[Footnote 1: The Polity of Lacedaemon and the Polity of Athens were two of Xenophons short treatises. In the Polity of Lacedaemon the Spartan code of law and social discipline is, as Mr. Mure says in his Critical History of the Language and Literature of Ancient Greece,
indiscriminately held up to admiration as superior in all respects to all others. Some of its more offensive features, such as the Cryptia, child murder, and more glaring atrocities of the Helot system, are suppressed; while the legalized thieving, adultery, and other unnatural practices, are placed in the most favourable or least odious light.]
[Footnote 2: In the Plain Dealer, Act II. sc. I.
Novel (a pert railing coxcomb). These sea captains
make nothing of
dressing. But let me tell you, sir, a man by his dress, as much
as by anything, shows his wit and judgment; nay, and his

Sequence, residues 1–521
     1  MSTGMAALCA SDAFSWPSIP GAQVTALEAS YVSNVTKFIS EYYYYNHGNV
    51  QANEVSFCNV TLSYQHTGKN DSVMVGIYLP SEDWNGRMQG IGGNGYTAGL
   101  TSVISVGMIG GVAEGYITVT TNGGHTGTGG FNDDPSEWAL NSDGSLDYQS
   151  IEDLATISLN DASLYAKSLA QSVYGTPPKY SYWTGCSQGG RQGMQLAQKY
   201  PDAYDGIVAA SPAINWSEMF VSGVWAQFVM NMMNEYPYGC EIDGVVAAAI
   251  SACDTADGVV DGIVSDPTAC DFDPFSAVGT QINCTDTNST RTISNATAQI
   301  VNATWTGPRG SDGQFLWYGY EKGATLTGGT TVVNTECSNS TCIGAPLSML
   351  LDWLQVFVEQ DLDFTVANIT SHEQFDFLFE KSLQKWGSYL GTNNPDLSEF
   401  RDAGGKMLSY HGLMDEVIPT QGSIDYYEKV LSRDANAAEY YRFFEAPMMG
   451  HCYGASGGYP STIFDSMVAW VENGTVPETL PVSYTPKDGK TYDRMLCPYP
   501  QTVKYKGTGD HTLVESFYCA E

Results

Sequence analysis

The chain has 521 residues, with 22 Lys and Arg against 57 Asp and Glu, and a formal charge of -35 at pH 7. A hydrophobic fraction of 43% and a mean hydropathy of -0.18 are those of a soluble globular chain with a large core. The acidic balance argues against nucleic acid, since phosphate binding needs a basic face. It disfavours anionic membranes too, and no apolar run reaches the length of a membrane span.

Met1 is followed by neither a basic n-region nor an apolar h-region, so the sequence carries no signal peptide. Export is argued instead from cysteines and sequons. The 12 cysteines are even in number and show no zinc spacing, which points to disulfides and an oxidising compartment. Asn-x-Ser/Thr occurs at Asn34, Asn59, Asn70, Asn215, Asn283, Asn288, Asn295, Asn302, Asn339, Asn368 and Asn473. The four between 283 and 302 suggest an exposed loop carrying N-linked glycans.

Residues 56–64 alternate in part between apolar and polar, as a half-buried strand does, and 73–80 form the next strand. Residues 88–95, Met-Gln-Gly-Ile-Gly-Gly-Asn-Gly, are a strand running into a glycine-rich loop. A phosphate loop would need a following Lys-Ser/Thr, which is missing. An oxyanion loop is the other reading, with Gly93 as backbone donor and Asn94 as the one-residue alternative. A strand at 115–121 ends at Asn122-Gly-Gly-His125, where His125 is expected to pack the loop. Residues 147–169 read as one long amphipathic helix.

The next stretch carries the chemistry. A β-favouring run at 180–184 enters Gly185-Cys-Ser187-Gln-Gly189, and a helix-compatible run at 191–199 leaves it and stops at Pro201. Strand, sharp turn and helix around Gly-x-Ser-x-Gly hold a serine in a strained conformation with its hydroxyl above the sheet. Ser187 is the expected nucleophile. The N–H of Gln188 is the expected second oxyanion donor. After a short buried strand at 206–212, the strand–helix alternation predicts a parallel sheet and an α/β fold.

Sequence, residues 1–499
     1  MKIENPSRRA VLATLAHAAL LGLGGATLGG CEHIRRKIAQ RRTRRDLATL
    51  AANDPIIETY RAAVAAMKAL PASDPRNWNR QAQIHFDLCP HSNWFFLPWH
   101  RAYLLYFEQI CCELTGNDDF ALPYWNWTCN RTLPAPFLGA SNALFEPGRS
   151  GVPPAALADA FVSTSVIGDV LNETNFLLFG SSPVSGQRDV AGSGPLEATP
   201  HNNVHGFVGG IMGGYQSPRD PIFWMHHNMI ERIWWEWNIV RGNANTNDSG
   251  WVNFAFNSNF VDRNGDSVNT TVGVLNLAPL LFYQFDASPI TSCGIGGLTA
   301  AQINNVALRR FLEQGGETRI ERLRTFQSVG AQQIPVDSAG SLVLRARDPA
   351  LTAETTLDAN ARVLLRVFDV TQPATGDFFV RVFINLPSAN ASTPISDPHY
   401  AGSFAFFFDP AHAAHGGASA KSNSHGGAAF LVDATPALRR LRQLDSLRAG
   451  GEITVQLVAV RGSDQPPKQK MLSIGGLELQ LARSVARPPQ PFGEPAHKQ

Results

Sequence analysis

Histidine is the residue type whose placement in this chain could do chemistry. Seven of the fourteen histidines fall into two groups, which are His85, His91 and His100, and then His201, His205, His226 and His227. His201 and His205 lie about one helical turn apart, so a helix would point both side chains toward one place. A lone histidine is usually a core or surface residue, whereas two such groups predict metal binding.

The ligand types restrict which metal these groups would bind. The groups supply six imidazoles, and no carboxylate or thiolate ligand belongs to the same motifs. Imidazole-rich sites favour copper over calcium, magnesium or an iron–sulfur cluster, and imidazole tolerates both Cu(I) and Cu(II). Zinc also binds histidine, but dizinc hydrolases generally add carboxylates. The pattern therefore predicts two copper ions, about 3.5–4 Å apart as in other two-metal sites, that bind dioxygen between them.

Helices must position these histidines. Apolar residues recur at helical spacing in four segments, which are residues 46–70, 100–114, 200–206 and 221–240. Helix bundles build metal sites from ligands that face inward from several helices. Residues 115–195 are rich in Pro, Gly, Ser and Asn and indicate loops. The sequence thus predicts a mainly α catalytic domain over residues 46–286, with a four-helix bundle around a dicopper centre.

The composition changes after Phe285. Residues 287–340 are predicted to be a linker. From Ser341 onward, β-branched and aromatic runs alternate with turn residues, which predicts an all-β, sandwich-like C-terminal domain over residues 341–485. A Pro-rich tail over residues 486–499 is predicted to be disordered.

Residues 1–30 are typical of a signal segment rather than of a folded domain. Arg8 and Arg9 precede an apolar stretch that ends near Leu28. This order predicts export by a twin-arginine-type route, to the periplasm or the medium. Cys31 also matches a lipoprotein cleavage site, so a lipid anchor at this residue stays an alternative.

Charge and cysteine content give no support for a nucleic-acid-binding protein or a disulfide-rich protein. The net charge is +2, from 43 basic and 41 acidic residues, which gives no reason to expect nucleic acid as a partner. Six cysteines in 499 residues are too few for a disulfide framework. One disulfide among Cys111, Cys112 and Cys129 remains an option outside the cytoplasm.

Freeman. How, his courage, Mr. Novel?
Novel. Why, for example, by red breeches, tucked-up
hair, or peruke, a
greasy broad belt, and now-a-days a short sword.]
[Footnote 3: In his Friendship in Fashion, Act III. sc. i
Malagene. I tell you what I did tother Day:
Faith’t is as good a Jest
as ever you heard.
Valentine. Pray, sir, do.
Mal. Why, walking alone, a lame Fellow
follow’d me and ask’d my
Charity (which by the way was a pretty Proposition to me).
Being in one of my witty, merry Fits, I ask’d him how long he
had been in that Condition? The poor Fellow shook his Head,
and told me he was born so. But how dye think I served him?
Val. Nay, the Devil knows.
Mal. I show’d my Parts, I think;
for I tripp’d up both his Wooden
Legs, and walk’d off gravely about my Business.